The point is: God has predestined us to be rich in Christ, not in ourselves. He has done so out of pure mercy and kindness. And instead of trying to play God and figure out every aspect of what predestined means based on our limited human wisdom, instead we should simply accept the fact that God knows more than we do, that He’s good and gracious, and that we cannot figure everything out. In fact, we don’t need to figure it all out. For to be truly rich, humble acceptance of Christ is all that is needed.


Listen to Paul’s words: “Praise be to the God and Father of our Lord Jesus Christ, who has blessed us in the heavenly realms with every spiritual blessing in Christ. For he chose us before the creation of the world to be holy and blameless in his sight. In love he predestined us to be adopted as his sons through Jesus Christ, in accordance with his pleasure and will—to the praise of his glorious grace, which he has freely given us in the One he loves. In him we have redemption through his blood, the forgiveness of sins, in accordance with the riches of God’s grace that he lavished upon us with all wisdom and understanding.”

What an amazing section of God’s Word! God chose you, individually, before the world was even born, to be His child through the work of Jesus Christ. Because of this act of pure love, undeserved love, when you were born you were baptized, brought to faith, and to this day retain that saving faith. Moreover, because of your predestination you are rich in wisdom, holiness, and the forgiveness of sins. These and countless other blessings God has “lavished” upon you.—Note well that we don’t have a stingy God! And God has done all this for you for this purpose: “And he made known to us the mystery of his will according to his good pleasure, which he purposed in Christ, to be put into effect when the times will have reached their fulfillment—to bring all things in heaven and on earth together under one head, even Christ.” In other words, you and I as believers are at the very center of the universe! The entire universe revolves around how we fit into God’s plan and the heavenly future He has in store for us. Christians are not the “little, insignificant people” that the cultural elites mock, no we’re actually the giants whom the Lord has chosen to carry out His will—saving souls one at a time.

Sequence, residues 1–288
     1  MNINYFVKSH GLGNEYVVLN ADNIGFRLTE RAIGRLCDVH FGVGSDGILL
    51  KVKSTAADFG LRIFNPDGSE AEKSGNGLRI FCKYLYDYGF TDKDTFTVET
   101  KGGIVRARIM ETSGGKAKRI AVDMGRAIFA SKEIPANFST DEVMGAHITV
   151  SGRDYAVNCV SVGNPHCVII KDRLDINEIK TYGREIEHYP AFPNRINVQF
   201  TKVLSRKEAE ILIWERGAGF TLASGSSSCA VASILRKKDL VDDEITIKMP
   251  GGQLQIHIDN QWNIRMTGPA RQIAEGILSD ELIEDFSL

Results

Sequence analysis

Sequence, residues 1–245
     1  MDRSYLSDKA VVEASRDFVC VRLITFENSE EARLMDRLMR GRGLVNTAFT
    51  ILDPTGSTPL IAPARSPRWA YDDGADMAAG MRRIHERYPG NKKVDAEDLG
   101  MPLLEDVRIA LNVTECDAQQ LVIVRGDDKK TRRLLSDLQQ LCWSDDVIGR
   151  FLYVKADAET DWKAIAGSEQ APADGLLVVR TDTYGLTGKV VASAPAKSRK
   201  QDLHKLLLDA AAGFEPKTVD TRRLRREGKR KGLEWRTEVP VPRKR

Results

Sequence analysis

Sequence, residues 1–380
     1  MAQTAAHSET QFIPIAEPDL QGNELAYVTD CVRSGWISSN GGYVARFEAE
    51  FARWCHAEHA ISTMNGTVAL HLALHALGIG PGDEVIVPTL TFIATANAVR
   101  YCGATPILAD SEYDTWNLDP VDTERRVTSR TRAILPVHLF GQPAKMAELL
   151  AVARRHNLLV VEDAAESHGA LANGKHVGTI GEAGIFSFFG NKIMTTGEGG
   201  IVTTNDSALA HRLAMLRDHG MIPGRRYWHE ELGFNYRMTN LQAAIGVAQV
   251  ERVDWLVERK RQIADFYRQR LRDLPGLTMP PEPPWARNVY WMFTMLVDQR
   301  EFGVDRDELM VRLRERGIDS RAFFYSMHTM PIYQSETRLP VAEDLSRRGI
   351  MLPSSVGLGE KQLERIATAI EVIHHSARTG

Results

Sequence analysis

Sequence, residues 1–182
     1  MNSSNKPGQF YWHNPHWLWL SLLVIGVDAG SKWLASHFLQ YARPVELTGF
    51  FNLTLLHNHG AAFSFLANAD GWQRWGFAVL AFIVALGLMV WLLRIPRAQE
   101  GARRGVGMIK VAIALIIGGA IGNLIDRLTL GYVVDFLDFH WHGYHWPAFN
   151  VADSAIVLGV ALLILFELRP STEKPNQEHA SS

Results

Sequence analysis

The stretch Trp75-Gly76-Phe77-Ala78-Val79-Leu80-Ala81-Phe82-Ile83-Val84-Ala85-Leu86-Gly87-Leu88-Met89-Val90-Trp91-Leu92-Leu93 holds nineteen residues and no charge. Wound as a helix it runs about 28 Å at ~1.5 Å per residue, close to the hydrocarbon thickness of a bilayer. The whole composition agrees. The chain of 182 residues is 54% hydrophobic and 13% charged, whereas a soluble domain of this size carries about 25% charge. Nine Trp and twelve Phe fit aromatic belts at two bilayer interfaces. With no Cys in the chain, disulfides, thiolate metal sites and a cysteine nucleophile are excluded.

Just to make sure that we really do take our riches seriously and not waver when hit by the world’s razzle-dazzle, Paul concludes by reminding us: “And you also were included in Christ when you heard the word of truth, the gospel of your salvation. Having believed, you were marked in him with a seal, the promised Holy Spirit, who is a deposit guaranteeing our inheritance until the redemption of those who are God’s possession—to the praise of his glory.”

You and I may not be well-known around the globe. We may not be “movers and shakers” upon whom the media descend. We don’t have cushy lives. We struggle and grind and try to live up to God’s standards in spite of our failings. To the world we’re nothings. But no matter. To God we’re eternally rich because He has made us so in Christ. In fact, the Holy Spirit, Himself, resides in our hearts via faith and guarantees our status of heavenly VIP’s! My friends, this is what you are. This is what God has made you to be. Christ Jesus has made it so. Rejoice. Be glad. And always take comfort in the reality of your richness! Amen